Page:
Cornas – The Northern Rhône’s Best Kept Secret

There are more famous wine regions in the Rhône Valley. There are wine regions with greater reputations. But it’s the little village of Cornas that makes some of the best value red wines in the northern Rhône.

The steep terraced vineyards of Cornas.

The steep terraced vineyards of Cornas in winter.

While you’ll be lucky to see any change from 30€ for a bottle of Côte-Rôtie bought at the cellar door, and red Hermitage tends to start somewhat north of that, good, often great Cornas can be had for less than 20€. Even the top cuvée from a fabulous winemaker like Johann Michel will set you back only 35€. Hardly cheap, I grant you, but a bargain when put up against the wines of its neighbours. And as Cornas, Côte-Rôtie and red Hermitage share the same grape variety – syrah – and similar steep hillside vineyards (up to 60º slopes in Cornas) with similar granite soils, it’s hardly surprising that there’s a family resemblance. All of which may explain why I work with four Cornas “vignerons”, as many as in any other appellation, and why there is more Cornas in my cellar than any other northern Rhône red. (You could argue that the vineyards of St. Joseph share all those attributes and its wines are even cheaper, and you’d be right, but there the vines face more east than south so, as much as I love a good St. Jo rouge, the wines are less ripe and less grand. Their qualities are different.)

The typical granite soil.

The typical granite soil. It’s spring and the young vines have just started to produce leaves.

It’s not even as if the wines of Côte-Rôtie and Hermitage are rarer. The Cornas vineyards cover 130 ha (about 320 acres), almost exactly the same area as Hermitage. And given the boundaries of the appellation and the nature of the terrain there’s little room for growth. In comparison, Côte-Rôtie is more than twice the size. And if we’re talking about history, well Cornas has that too: the Romans probably had vines in Cornas 2,000 years ago. By the 10th century, the Canon of Viviers was writing that the church in Cornas was “surrounded by vines”.

One thing Cornas hasn’t got is a long history of bottling and exporting its wines. Until the 1950s, much of the wine was still being sold by the winemakers “en vrac”, that’s to say in bulk, to local restaurants who would sell by the glass or by the carafe straight from the barrel, or to private individuals who would carry out their own bottling. It was only once a small number of merchant houses, particularly Paul Jaboulet and Delas Frères, started buying and blending wines from smaller producers and bottling the results under their own labels that Cornas started to be seen outside the immediate region.

Mika outside his cellar

Cornas winemaker Mickaël Bourg outside his cellar

Cornas’s reputation is as a full, burly wine, the country cousin of the more civilised Hermitage, a wine that needs many years for its fierce tannins to soften before becoming drinkable. That may have been true at one time, but that reputation is certainly exaggerated now – there’s a whole generation of producers making wines that lack nothing in concentration but which can be enjoyed in their relative youth: Mickaël Bourg’s 2011 “Les P’tits Bouts” has been delicious almost from the day it was bottled and the 2012 is promising to be almost as precocious (admittedly, his 2009 is still a bit of a monster); I tasted (and bought) Johann Michel’s 2012 “Classique” recently and although it would be a shame to drink it so young – it will only get better with age – it’s very easy to enjoy right now.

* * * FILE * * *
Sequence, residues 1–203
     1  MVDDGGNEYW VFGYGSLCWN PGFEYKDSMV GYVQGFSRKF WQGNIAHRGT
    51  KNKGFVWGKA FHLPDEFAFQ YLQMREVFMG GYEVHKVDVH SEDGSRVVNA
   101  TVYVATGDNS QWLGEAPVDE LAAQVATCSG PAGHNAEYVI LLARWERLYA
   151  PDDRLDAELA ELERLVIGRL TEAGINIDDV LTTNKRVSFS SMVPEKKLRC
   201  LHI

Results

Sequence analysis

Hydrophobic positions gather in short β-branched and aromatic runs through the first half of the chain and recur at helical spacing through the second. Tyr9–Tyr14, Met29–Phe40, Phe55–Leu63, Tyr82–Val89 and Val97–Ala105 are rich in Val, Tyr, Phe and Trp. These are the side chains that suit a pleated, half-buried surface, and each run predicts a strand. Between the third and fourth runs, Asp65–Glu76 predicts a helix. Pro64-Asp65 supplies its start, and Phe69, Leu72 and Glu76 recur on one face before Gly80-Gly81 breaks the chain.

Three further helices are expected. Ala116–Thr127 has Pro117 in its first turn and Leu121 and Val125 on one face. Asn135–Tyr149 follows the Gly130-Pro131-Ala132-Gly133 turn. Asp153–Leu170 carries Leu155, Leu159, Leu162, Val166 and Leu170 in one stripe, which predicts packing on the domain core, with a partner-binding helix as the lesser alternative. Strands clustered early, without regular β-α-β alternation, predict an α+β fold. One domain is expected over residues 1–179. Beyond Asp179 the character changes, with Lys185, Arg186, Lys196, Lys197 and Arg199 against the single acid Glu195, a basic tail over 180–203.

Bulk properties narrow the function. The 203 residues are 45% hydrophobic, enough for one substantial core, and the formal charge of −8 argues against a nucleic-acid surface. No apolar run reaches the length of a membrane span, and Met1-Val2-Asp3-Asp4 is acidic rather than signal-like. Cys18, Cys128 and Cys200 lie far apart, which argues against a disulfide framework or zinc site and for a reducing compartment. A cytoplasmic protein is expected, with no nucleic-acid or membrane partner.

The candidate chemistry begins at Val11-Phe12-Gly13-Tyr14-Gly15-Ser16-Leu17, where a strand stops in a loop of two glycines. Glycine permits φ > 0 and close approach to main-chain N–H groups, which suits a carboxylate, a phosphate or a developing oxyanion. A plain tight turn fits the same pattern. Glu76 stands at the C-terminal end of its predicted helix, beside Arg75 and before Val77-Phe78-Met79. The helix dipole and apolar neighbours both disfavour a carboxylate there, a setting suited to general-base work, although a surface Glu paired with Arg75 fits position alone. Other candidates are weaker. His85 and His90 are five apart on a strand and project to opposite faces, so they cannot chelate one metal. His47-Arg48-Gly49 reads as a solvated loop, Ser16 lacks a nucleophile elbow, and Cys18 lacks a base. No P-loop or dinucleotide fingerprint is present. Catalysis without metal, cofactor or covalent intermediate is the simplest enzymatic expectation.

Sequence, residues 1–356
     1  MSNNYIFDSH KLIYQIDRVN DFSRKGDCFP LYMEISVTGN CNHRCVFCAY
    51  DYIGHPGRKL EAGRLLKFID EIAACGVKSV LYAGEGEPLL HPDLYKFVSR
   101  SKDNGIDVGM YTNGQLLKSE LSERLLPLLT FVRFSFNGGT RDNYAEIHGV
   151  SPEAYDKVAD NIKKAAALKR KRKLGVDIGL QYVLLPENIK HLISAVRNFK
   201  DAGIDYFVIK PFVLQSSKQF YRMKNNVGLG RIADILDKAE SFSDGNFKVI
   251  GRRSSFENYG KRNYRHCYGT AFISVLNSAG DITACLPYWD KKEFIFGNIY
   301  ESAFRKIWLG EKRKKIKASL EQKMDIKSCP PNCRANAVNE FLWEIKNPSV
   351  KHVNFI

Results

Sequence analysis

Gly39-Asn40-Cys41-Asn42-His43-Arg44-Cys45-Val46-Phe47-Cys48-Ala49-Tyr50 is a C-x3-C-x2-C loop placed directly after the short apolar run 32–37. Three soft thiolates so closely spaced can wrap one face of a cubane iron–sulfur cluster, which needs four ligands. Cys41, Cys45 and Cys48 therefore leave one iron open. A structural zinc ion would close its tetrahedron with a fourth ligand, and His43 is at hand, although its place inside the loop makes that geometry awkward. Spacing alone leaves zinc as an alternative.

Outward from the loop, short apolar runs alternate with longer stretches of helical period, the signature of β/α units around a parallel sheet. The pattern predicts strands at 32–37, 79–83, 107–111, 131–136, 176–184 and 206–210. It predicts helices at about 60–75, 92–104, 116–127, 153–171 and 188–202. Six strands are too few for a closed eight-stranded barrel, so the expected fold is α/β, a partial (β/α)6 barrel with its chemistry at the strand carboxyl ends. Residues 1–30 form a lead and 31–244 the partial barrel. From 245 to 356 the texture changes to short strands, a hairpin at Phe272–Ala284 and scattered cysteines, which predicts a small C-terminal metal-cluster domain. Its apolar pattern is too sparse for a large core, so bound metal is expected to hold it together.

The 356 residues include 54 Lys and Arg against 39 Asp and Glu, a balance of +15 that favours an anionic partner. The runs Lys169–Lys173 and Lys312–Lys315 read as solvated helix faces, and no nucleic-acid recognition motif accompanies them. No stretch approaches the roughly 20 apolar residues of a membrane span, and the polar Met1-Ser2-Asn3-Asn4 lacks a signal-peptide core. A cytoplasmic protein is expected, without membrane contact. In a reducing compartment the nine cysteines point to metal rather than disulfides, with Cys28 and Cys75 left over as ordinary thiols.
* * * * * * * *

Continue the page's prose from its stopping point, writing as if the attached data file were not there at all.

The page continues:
Johann Michel in his tasting room.

Johann Michel in his tasting room.

Jacques Lemenicier has a large part of his vines sited high up in the appellation, at around 300 metres. The slightly cooler temperature up towards the top of the hillside helps give his wines real finesse and elegance, rivaling many a Côte-Rôtie, without any sense that his wines are green or unripe. Of the producers I work with, only Alain Verset makes a wine that is determinedly traditional: no destemming of the bunches, a basket press for squeezing the handpicked grapes, maximum extraction, old rather than new barrels. His wine is equally delicious in its own way but does require a little more patience. Even so, the 2006, ’07 and, especially, ’08 are perfect for drinking now, less for the fruit (typically blackcurranty when the wine is young) and more for a whole host of spice flavours including cinnamon, clove and sandalwood. And that 2008 is available right now for just 17€, that’s about £14 or 22$.

Alain and Emmanuelle Verset with the vineyards of Cornas behind them.

Alain and Emmanuelle Verset with the vineyards of Cornas behind them.

It would be remiss of me to not mention a few other producers – even if I don’t work with them, I’m not that biased. Auguste Clape is the star name in the region, although his wines aren’t cheap in anybody’s book; Stéphane Robert’s Domaine de Tunnel and Vincent Paris both make some delicious wines; I’ve never been disappointed by Alain Voge’s Vieilles Vignes wine; and Delas is also making very good Cornas at the moment. But whoever’s name you come across at your nearest wine merchant, the wine will be worth a try. It won’t be Hermitage or Côte-Rôtie, but it will be proudly Cornas.



Note: This is the blog of Rhône Wine Tours. If you’d like to visit the region to see for yourself why we love Cornas you know who to contact. We also have a Facebook page with an ever-growing list of likes where you can keep in touch with what’s going on. Just follow the links.

Comments are closed.